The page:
After the dean of the University of Chicago sent a letter to incoming freshman, the class of 2020 took to social media to share the proclamation that the college wouldn't support safe spaces or trigger warnings. The reactions to the University of Chicago's safe-space ban proves that there's still no consensus — some believe that the college is right to protect any and all freedom of expression for its student body, but others worry that the ban helps to mask hate speech or ill-informed speech by labeling it "discourse."
Others have pointed out that many — not just the University of Chicago — don't actually understand what the terms "safe-space" and "trigger warning" are meant to refer to, and that blanket bans of either, in any setting, could have devastating consequences for the communities who rely on them to heal from trauma.
People who are in the process of recovering from a mental illness, such as anorexia nervosa, or dealing with the aftermath of a violent trauma, such as rape, often rely on trigger warnings to help them avoid stimulus they aren't prepared to confront yet. They may be working closely with therapists, social supports, and family to help them re-acclimate to the world after experiencing trauma, but having to engage with frightening stimuli, which may be extremely detrimental to their recovery especially if they are suffering from Post Traumatic Stress Disorder, before they're ready can be, at best, counter-productive.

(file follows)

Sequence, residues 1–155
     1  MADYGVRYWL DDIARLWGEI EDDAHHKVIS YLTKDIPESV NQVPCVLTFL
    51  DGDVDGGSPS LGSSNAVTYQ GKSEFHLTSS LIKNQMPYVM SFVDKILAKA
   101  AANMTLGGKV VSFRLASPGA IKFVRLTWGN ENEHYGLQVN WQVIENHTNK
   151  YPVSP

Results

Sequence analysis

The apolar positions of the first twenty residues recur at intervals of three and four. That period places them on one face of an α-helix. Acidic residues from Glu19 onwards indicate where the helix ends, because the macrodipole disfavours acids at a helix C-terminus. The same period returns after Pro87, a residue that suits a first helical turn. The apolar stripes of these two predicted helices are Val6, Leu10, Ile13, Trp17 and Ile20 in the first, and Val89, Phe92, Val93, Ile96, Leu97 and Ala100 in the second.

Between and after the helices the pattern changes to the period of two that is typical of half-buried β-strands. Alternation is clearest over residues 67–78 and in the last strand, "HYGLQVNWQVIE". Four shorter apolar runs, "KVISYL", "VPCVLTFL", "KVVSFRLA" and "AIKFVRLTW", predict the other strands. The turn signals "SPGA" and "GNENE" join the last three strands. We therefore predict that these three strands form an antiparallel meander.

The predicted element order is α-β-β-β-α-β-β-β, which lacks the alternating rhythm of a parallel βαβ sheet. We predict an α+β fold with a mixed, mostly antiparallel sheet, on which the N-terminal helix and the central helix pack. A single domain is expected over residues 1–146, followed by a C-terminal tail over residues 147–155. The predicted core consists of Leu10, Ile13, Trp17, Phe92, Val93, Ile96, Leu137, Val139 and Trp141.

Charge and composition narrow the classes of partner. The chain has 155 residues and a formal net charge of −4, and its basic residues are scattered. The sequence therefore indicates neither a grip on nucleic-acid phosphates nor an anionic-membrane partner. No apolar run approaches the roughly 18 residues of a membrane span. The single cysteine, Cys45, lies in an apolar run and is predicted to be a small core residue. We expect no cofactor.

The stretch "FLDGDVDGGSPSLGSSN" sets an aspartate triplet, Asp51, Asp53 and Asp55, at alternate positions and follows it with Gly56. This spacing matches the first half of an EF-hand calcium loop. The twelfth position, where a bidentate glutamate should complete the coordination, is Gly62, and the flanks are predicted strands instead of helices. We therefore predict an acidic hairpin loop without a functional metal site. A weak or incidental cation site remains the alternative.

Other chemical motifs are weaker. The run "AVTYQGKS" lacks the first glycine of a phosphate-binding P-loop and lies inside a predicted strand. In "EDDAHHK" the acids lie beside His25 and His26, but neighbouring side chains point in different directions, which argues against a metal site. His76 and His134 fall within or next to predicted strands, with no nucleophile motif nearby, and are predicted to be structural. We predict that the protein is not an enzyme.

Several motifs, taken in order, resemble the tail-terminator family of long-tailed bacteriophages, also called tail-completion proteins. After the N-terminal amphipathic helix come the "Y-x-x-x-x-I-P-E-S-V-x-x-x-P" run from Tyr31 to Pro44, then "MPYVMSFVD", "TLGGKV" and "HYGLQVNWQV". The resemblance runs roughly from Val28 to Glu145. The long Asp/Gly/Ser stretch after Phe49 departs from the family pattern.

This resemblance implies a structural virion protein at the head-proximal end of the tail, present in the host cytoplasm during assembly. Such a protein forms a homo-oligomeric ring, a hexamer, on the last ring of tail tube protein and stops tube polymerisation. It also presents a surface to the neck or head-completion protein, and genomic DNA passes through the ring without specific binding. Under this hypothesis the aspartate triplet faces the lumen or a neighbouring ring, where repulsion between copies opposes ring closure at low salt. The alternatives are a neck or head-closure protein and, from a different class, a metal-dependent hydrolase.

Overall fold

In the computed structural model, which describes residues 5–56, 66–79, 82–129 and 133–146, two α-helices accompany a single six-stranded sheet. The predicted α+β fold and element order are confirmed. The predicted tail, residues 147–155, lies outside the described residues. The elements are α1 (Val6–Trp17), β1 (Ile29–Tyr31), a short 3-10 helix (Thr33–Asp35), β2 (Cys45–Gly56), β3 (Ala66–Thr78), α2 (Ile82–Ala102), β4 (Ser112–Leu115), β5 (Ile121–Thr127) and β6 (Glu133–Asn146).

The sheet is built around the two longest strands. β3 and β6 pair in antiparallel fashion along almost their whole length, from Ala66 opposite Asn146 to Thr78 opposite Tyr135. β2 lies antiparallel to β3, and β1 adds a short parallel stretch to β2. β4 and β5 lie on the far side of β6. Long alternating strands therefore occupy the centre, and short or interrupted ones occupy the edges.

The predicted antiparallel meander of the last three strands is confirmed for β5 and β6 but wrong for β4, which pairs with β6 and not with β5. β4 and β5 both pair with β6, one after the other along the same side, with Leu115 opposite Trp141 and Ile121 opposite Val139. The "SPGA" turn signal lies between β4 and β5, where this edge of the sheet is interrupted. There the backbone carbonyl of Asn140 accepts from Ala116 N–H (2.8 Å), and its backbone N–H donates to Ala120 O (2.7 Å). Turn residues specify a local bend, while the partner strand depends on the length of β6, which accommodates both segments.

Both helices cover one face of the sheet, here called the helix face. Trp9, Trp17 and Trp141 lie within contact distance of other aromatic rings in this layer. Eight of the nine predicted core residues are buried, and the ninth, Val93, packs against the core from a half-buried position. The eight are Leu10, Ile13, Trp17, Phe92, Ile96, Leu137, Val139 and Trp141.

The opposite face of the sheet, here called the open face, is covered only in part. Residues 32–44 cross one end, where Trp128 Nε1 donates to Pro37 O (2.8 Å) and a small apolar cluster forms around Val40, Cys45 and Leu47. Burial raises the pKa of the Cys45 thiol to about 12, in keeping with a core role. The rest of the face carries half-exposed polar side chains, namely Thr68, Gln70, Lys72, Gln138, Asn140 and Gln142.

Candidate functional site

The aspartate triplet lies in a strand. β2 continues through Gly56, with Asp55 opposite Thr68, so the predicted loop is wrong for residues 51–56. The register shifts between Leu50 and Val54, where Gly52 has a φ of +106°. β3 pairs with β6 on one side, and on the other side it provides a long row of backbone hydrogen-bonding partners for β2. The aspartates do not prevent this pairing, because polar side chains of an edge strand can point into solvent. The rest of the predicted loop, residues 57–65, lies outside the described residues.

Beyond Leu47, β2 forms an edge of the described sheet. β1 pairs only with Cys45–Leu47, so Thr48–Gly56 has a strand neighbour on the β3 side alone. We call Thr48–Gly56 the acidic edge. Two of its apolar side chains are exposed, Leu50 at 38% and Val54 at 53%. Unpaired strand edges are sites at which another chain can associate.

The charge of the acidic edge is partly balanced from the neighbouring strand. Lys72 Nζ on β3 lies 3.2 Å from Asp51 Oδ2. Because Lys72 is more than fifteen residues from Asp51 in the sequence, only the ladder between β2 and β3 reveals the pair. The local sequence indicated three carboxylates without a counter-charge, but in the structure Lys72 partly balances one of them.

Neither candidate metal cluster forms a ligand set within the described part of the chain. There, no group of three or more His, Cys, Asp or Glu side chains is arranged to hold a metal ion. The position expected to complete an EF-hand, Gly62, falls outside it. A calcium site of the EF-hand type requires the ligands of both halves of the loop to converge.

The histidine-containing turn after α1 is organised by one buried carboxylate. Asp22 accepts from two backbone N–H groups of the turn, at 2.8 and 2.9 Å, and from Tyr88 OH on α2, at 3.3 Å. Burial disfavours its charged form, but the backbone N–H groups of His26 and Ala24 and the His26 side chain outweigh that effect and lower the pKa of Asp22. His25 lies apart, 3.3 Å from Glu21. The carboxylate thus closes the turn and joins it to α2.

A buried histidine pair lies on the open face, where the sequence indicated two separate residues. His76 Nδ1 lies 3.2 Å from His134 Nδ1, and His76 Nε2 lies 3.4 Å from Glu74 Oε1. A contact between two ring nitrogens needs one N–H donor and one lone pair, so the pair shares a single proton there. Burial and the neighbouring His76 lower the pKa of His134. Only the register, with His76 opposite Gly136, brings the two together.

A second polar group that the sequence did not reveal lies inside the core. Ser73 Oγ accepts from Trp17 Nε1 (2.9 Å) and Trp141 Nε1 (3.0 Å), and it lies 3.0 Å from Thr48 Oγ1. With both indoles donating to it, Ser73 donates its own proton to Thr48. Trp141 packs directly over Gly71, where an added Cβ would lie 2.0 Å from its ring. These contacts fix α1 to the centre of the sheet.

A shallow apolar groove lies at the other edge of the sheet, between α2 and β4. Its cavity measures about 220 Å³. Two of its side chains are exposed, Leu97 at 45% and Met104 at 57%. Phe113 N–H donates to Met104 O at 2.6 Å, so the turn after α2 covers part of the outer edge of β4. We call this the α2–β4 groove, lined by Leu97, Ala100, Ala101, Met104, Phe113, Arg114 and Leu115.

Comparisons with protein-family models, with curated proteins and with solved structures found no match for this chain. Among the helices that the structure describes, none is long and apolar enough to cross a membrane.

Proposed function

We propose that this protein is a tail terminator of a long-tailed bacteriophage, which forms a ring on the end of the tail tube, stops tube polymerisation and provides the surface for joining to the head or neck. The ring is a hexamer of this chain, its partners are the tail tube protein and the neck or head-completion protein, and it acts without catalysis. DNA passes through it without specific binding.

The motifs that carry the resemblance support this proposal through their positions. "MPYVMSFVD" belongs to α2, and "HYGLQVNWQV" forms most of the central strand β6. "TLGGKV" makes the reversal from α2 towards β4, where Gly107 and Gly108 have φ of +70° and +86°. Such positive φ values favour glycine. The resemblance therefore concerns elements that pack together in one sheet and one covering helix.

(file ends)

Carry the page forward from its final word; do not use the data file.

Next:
Many worry that the University of Chicago's decision not to support safe spaces or trigger warnings on campus is just a reflection of a more pervasive cultural attitude that continues to stigmatize the mentally ill, while at the same time, invalidating the steps those in these communities have taken to try to heal. Such as, creating safe spaces or utilizing trigger warnings when and where they can.
Safe spaces were not originally designed to be lived in permanently, hiding away from the "tough realities" of the world. Nor were trigger warnings originally intended to be a lifelong strategy for avoiding tough decisions, conversations or truths. When they first became recognized in mainstream culture, they were meant to be tools for learning to rebuild a life and regain a semblance of control after experiencing a trauma that has shaken the foundation of a person's life.
Some insist the school has made the right choice, forcing students to confront dialogues, ideas or discussions that they may find uncomfortable (which the new, more broad definition of a safe space would otherwise shield them from):
Many have opined on Twitter that, beyond the misunderstanding of the terms, calling for an outright ban of them isn't free speech at all. In fact, it's quite the opposite: